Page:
It’s common to see either the body or head (or both) of a Buddha or Bodhisattva at a Korean Buddhist temple have a circular nimbus or boat-like shaped mandorla surrounding it. Both shapes are loaded with symbolic meaning. So why do they appear in Buddhist artwork like in statues or paintings? And what do they mean?
Gwangbae and Geosingwang Design
In Korean, the round nimbus around the head of a Buddha or Bodhisattva is known as a “Gwangbae – 광배.” And the boat-like shaped mandorla around the head and body of a Buddha or Bodhisattva is called a “Geosingwang – 거신광” in Korean. In India, the nimbus is traditionally placed exclusively around the head of the Buddha or Bodhisattva; however, in Korea, the nimbus can either appear around the head and/or the body of the Buddha or Bodhisattva. In all cases, the nimbus (gwangbae) and mandorla (geosingwang) is meant to symbolize the light of wisdom and truth.
More specifically, in Korea, the light that shines forth from a Buddha or Bodhisattva is divided into two types of light. The first is known as “The Light from the Head,” and the second is known as “The Light from the Body.” Images that have a body mandorla will also surround the head in Korea, as well. However, this isn’t always the case with a head nimbus, as a head nimbus can stand alone adorning a Korean Buddhist statue or painting like the statue of Seokgamoni-bul inside the Seokguram Grotto in Gyeongju. If a statue or painting has a head nimbus, look at the tuft of hair between the eyebrows of the Buddha or Bodhisattva, as it’s believed that this is the most powerful ray of light that can emanate from a Buddha or Bodhisattva.
If a statue or painting of a Buddha or Bodhisattva has a full body mandorla, which encapsulates both the head and the body, this type of mandorla is referred to as a “Geosingwang – 거신광” in Korean. The shape of the mandorla can look like a flame that’s flaring up. If this is the case, this type of mandorla is called a “Bojuhyeong,” which means “precious gem type” in English. However, if the shape of the mandorla simply looks like the bow of a ship, it’s called a “Juhyeong” in Korean. This shape usually consists of an outer loop filled with a honeysuckle design or a Chinese grass design with a lotus flower design in the centre of the aforementioned winding vegetation.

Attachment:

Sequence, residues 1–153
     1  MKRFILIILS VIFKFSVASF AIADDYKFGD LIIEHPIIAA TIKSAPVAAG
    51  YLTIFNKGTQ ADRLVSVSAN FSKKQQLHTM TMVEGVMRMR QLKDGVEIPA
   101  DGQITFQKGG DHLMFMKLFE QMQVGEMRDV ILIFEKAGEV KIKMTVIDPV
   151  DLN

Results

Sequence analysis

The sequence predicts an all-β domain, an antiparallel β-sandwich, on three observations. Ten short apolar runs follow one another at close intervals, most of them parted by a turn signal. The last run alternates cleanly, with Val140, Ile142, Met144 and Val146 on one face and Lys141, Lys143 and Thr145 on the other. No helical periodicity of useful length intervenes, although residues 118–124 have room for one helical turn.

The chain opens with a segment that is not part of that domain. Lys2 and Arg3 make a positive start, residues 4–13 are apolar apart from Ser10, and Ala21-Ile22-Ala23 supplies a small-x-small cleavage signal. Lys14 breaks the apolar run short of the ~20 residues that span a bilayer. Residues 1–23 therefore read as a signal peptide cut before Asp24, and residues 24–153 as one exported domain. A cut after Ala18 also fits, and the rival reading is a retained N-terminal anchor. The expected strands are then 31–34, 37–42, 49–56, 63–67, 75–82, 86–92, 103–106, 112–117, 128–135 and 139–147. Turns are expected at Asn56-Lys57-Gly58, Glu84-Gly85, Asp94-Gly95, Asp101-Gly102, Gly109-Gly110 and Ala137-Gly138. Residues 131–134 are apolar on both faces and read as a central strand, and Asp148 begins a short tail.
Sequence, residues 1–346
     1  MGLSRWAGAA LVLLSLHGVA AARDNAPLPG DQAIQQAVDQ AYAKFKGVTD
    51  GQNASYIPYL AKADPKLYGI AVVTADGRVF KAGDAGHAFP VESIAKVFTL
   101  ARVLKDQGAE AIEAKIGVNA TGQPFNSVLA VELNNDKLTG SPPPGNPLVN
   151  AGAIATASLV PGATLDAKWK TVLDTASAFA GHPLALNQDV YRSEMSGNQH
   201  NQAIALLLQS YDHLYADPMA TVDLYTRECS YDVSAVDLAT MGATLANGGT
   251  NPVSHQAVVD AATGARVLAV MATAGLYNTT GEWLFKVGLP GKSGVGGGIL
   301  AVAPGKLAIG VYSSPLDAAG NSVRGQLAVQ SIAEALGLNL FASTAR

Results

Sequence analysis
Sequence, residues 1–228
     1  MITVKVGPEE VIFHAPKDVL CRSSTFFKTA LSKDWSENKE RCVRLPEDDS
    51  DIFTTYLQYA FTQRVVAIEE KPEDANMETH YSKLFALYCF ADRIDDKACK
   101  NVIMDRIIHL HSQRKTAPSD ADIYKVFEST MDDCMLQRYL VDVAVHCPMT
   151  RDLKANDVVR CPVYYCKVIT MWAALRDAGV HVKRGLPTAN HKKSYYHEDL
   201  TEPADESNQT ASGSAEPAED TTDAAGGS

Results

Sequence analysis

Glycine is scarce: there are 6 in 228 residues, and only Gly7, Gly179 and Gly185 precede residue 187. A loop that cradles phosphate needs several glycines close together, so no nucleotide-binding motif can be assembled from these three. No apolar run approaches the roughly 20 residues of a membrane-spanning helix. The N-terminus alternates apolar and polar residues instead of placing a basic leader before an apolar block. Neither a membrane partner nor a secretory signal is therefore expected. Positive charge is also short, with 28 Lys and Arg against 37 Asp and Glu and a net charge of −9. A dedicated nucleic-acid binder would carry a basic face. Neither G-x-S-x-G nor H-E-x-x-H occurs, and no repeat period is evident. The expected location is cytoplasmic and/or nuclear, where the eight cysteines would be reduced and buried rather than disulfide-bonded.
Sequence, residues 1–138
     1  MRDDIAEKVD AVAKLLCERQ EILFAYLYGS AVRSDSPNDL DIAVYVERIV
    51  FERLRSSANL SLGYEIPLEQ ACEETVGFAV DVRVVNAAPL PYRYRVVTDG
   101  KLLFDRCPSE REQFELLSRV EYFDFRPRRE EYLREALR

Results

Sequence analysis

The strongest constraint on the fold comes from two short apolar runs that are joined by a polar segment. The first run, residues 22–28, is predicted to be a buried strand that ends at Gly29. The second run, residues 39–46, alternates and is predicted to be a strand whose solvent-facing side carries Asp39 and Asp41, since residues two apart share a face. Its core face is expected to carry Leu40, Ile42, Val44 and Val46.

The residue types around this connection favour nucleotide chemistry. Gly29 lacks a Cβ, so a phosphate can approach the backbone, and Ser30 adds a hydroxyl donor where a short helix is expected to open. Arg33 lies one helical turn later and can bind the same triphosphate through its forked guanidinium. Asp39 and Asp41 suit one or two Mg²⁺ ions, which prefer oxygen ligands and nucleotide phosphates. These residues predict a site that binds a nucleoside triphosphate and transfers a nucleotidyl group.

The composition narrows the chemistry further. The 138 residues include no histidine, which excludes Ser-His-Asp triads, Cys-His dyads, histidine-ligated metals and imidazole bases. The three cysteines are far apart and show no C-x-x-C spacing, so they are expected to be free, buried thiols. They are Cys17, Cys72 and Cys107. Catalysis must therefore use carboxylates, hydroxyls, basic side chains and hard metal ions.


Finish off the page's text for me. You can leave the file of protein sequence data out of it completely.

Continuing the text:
Gwangbae and Geosingwang Meaning
This form of nimbus and mandorla light is referenced in the “Lotus Sutra.” In this sutra, it is stated that a ray of light emitted from “…the tuft of white hair between his [the Buddha’s] eyebrows.” And from “The on the Visualization of the Buddha of Infinite Light,” the ray shining forth from the Buddha is the psychic energy of enlightenment. It’s also a mark of wisdom. This is number thirty-one of the thirty-two major marks on the Buddha’s body. This radiating mark of wisdom is known as an “auspicious ray.” It’s also known as the “mark of wisdom light.”
Furthermore, and according to Buddhism, this light that radiates from either the head or body of a Buddha or Bodhisattva is said to penetrate the darkness of delusion and falseness to help reveal the Truth. In Korean, “gwang” means physical light, which shines on its own. The Korean word “myeong,” on the other hand, is the illumination of objects by light. Brought together, and used in a Buddhist context, the word means a shining light that destroys all ignorance that helps reveal the dharma. Furthermore, this light breaks through delusion and false beliefs, while also relieving all sentient beings that suffer through Samsara. Ultimately, this light will lead individuals towards the path of liberation and freedom from Samsara.
There are numerous wonderful examples of nimbus and mandorla adorning either Buddha or Bodhisattva statues or paintings throughout Korea. Here are just a few examples of these amazing artifacts: the Stone Seated Buddha in Mireukgok Valley of Namsan Mountain at Borisa Temple in Gyeongju, which is Korean Treasure #136; the statue of Seokgamoni-bul inside the Seokguram Grotto in Gyeongju. The Seokguram Grotto, statue included, is National Treasure #24. The Clay Seated Buddha of Buseoksa Temple in Yeongju, Gyeongsangbuk-do is National Treasure #45; the Mural Painting in Geungnakjeon Hall of Muwisa Temple is National Treasure #313; the statue of Seokgamoni-bul inside the Daejangjeon Hall of Geumsansa Temple in Gimje, Jeollabuk-do; the Stone Seated Buddha of Gounsa Temple in Uiseong, Gyeongsangbuk-do is Korean Treasure #246; the Stone Seated Buddha of Unmunsa Temple in Cheongdo, Gyeongsangbuk-do is Korean Treasure #317; The Stone Seated Bhaisajyaguru Buddha of Jikjisa Temple in Gimcheon, Gyeongsangbuk-do is Korean Treasure #319; the Stone Seated Buddhas in Bukji-ri, Yeongju, now located at Buseoksa Temple, is Korean Treasure #220-1; and the Stone Seated Buddha of Yonghwasa Temple in Yangsan, Gyeongsangnam-do is Korean Treasure #491.